Reviews

Reviews

Julie Umerle: An Experiment in Mark-Making
"These paintings are an experiment, both in mark-making and materials, and typical of the way in which Umerle works: progressing from one piece to the next, continuing an idea, cycling through open-ended series, pushing boundaries and exploring elements that fascinate her along the way."
Anna McNay
From exhibition catalogue 'Rewind' at Art Bermondsey Project Space, London, 2016
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More exploring art, Julie Umerle at Art Bermondsey Project Space
"Pieces alive with thought, with precise energy, precise yet free, one appearing to lead to the next, a flowing on-going series, exploring, minimal and at the same time anything but, pieces alive in their boldness in the stark white of the very white uncluttered almost naked rawness of the gallery. There's a serene sense to the drips, nothing feels random, the process is intriguing. This is a rewarding show, a strong show, intriguing pieces, thoughtful, graceful, powerful, bold, beautiful, a celebration of paint and the art of the mark and the artist's energy, her need to explore, to engage, to take it all on. The result is a beautifully minimal show, uncluttered works, refreshingly honest, slightly flawed in the most human of ways, an ongoing process a painter must go through again and again (and again)."
Sean Worrall
The Organ. 9 September 2016.

Julie Umerle: New Paintings
"Umerle arrives at her imagery via a hyper formalism that makes no distinction between medium, surface, and support. The formal apparatus is gravity’s gesture, its pull downwards. Illusionistic depth is achieved by the layering of the medium, which is an interesting nod to history. The physicality of the layers bears a relationship to the Baroque curtain; here it is a curtain that is divided into strands of acrylic. It has the effect of suspending time, as the paint tends to conceal and reveal, stretching away from the viewer into infinite space."
Jason Stopa
NY Arts Magazine, Vol 17, Summer 2011
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Cosmos or Chaos
"Her works seem to evoke a feeling of suspension, as if what we see is a held or frozen moment within an on-going process. This sense of simplicity is achieved through an enormous process of condensation, resulting in a level of clarity and unity that permeates the work."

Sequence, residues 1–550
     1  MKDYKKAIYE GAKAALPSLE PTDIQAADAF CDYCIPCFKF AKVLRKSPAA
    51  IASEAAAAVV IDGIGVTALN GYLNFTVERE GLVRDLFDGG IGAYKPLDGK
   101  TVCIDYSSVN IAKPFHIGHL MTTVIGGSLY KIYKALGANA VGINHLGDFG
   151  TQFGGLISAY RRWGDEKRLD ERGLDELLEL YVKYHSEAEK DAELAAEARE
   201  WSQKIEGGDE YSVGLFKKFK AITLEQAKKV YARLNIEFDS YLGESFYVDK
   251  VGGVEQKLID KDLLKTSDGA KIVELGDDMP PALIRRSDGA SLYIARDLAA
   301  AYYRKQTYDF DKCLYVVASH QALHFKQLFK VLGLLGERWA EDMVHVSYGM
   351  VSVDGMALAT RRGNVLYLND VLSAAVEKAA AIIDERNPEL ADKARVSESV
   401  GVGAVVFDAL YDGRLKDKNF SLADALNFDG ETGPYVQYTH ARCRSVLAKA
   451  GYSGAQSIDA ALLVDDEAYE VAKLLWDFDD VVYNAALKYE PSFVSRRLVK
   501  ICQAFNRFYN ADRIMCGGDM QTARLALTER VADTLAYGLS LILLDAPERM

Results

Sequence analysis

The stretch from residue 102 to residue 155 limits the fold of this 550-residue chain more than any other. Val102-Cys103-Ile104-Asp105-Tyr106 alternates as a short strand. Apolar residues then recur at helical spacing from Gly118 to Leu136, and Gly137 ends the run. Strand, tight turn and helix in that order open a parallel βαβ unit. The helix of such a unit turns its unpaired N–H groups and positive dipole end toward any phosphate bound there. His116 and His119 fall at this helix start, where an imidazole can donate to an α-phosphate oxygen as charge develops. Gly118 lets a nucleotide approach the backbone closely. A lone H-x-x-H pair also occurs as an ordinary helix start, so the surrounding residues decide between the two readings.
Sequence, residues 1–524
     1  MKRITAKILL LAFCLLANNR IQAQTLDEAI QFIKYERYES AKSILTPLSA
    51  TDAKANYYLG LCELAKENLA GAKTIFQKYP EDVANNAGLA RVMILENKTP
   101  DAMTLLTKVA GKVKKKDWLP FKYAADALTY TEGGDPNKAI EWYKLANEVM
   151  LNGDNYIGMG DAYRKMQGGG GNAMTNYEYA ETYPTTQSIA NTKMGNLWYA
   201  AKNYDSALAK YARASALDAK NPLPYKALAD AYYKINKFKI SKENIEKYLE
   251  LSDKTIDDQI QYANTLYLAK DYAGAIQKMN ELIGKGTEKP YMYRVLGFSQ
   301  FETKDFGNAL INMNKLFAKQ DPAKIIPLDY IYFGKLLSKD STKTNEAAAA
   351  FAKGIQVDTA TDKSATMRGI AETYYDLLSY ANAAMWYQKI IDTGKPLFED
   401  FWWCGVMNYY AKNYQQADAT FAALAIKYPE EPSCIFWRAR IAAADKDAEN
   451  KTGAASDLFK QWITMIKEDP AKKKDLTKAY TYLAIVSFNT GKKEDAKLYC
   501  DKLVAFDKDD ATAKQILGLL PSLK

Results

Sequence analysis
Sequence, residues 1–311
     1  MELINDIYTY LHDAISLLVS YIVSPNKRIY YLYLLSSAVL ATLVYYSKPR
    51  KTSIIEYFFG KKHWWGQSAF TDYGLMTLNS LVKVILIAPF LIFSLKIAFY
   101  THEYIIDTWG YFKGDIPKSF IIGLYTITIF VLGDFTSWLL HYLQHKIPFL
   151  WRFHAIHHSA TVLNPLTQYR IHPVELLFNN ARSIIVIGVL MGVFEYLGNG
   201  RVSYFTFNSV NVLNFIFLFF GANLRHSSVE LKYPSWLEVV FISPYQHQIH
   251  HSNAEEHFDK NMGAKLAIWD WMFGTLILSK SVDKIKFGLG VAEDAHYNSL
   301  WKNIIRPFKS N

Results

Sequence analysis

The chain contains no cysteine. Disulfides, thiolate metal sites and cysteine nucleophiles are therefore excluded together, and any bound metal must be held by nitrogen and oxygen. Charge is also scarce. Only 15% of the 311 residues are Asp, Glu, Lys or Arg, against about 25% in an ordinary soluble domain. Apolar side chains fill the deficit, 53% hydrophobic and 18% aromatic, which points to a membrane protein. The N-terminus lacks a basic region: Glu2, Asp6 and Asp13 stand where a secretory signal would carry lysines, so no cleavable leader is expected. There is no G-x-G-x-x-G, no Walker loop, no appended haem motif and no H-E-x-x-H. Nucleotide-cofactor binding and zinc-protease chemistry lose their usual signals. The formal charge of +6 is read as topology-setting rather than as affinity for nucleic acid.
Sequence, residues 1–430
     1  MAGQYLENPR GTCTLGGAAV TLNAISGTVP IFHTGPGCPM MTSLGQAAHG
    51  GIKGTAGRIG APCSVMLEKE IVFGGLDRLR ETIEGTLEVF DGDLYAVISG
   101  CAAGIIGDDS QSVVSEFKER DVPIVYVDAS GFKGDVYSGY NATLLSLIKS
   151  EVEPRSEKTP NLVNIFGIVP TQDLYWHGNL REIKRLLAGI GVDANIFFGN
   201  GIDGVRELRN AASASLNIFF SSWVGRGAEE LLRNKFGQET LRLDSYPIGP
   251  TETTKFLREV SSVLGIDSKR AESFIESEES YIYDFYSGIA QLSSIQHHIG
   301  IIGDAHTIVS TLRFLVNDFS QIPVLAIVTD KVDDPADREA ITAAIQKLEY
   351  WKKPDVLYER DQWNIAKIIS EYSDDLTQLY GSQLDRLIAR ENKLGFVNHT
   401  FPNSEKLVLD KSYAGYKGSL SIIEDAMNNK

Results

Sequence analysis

Simon Morley, British artist and art historian
From exhibition catalogue 'Cosmos or Chaos' at studio1.1, London, 2010
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Ten Paintings.
"Umerle has been inspired by chaos theory and fractals, exploring the interaction between freedom and control in her work. Brush strokes are replaced with the direct interaction of liquid elements on canvas within these paintings. Alternately layering oil and acrylic, a reaction is produced between the two mediums that is a by-product of the materials. This interaction, together with the effects of gravity, activates the surface."
'Ten Paintings'. Gallery 37, DMH Stallard, London. 2008
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About the work
"These paintings are literally what they are, and do not transcend their materiality, nor transcend any aspect of them, but are seemingly factual and somehow in that factualness constitute some sort of analogy, which is unordered, non-symbolic, just happens, matter of fact. Literally if these paintings were to succeed we should be able to say nothing about them. Here we have very much a series of decision-making, and that's the matter of factness of them. We have decision after decision made apparent, in which we know that there's constant intervention on the part of the artist."
Saul Ostrow, art critic and Chair of Visual Arts at Cleveland Institute of Art, USA
From a review of Julie Umerle's work at Parsons School of Design, New York, 1998

Catalogue Essay
"In her recent paintings there are two surfaces; two spaces. One side of the canvas proposes an infinite space, a space to step into, to escape to, to retreat to. The other side situates the viewer firmly in front of the work. These are material paintings in every sense."
Rebecca Fortnum, Senior lecturer at Camberwell College of Arts, London
From exhibition catalogue 'Julie Umerle : Recent Paintings', Herbert Art Gallery and Museum, Coventry, 1995
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